Nerf Elite 2.0 Motoblitz Mod Guide

Nerf Elite 2.0 Motoblitz Mod Guide

I am really excited about this blaster. The Nerf Elite 2.0 Motoblitz is one of the better releases from Hasbro in a long time, combining a Rayven with a master-keyed Hornet-like air blaster up front. That being said, some simple mods can take this flywheeler to the next level.

Featuring a custom 3D-printed cage, Fang ReVAMPeds, and Daybreak flywheels, this 2S build will bump Performance up to HvZ or Superstock levels. Additionally, the "Blitz" can be easily modded with a simple turn of the screw, allowing for a more powerful scattershot panic button. As always, we try our best to make our guides "crystal clear," so let us know if you have any questions so that we can make corrections and improve our tutorials.


Before we get started, any time you use a LiPo battery, LiPo batteries have specific use and care guidelines. Please read the inserts in your packages from us, the product manual, and our entire LiPo safety page here. Remember: These are not standard toy alkaline batteries.

See our LiPo Safety Page there.


With that, let's talk about what we need to complete the mod (apart from the blaster itself)

To make it easier for novice and experienced modders alike, we’ve added marks on our flywheel cage indicating how to orient your motors and where the positive and negative wires get soldered.

The newly designed OOD cage with wiring guides printed on the back

As far as tools, it's pretty standard tools all around:

  • soldering iron
  • lead-free solder
  • helping hands
  • safety glasses
  • flush cutters (AKA snips)
  • end-nippers
  • wire strippers
  • Hobby knife, like an X-Acto 
  • Phillips #1 screwdriver
  • high temp hot glue gun -or- epoxy putty
  • Semi-permanent (blue) thread locker

We have a complete kit with all the supplies you need (including the short dart pusher, and you can purchase a battery starter kit as an add-on. We also have a few other 3D-printed parts and accessories for this blaster that you can buy separately here.


And with that, let's get going!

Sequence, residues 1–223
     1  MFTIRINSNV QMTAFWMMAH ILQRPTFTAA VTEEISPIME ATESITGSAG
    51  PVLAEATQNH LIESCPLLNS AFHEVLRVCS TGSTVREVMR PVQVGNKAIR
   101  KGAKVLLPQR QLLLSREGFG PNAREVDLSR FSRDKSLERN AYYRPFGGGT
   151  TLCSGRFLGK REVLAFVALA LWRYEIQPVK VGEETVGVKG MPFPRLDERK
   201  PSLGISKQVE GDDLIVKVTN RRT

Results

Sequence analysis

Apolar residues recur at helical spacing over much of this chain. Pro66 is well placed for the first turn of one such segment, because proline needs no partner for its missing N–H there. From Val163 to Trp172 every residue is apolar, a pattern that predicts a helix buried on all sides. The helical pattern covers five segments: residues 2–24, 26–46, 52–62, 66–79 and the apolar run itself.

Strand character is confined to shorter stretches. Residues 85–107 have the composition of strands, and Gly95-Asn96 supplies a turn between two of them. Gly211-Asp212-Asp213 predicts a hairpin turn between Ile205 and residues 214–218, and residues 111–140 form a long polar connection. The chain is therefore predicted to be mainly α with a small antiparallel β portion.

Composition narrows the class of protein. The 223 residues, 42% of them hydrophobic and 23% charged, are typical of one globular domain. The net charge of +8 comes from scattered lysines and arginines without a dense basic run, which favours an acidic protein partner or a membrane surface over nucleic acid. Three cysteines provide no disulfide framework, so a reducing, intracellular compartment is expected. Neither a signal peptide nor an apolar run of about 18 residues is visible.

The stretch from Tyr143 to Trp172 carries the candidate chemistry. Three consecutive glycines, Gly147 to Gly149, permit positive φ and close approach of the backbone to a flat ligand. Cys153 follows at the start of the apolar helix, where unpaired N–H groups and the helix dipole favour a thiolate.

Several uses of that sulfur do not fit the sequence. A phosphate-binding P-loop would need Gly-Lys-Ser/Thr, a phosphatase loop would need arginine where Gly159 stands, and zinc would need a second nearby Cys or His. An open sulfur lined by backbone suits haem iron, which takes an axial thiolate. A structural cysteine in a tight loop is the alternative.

Remove all of the screws from the shell, making sure you keep track of where they came from. You can tape them in place, make a paper, putty, or foam model of the blaster to stick them onto (a la Bobololo), or you can do what I did and put them in a parts organizer bin in the rough location of where they came from on the blaster. Keep in mind that there are six longer screws total, marked in the photo below. Also, one of the six longer screws (the one for the air blaster pump grip has a slug on the end).

Location of all the long screws on the blaster

Remove all the stock wiring. While you could use a MOSFET to control the board, it’s much simpler to discard all the wiring and start fresh. Note: A thermistor board is tucked away on the left side of the shell that must be removed.

Remove all the other parts we’re not going to use, including the stock flywheel cage (don't be gentle; it does have quite a tight fit). You can also take out the switch components surrounding the rev trigger.

Optionally, you can take out the magazine lock. This piece will not let you pull the firing trigger without a magazine in the magwell. To remove, just pull straight up and out and take the spring with it. Since I will put the short dart adapter in there, which overrides it, I will just leave it; it will not cause any trouble. 

You may also want to remove and set aside the mag release because it's likely to pop out while we’re modding the blaster (and indeed, while we close it up).

There’s also an electronic detent that prevents you from revving the blaster without a magazine in it. Depending on your preference, you can take it out completely with the rest of the wiring, or you can cut the wires off and use it as extra retention to hold the magazine in the magwell. But for now, it will only be in the way. If you’re going to keep it, set it aside back in your parts bin.


Now for demolition, I'm using snips this entire video for demonstrative purposes, but a rotary tool like a Dremel can make quick work of the process (albeit with a bigger mess). Regardless of the tools you use, make sure that you are wearing safety glasses!

Cut out the flywheel supports pretty much flush to the shell. You can always test your fit by installing your cage and then peeking through the back to make sure nothing is conflicting. There are also two fins on the left cage pegs that will get in the way of our upgraded cage. Just use a hobby knife, like an X-Acto, to shave them both down.

Trimming away some excess flywheel cage supports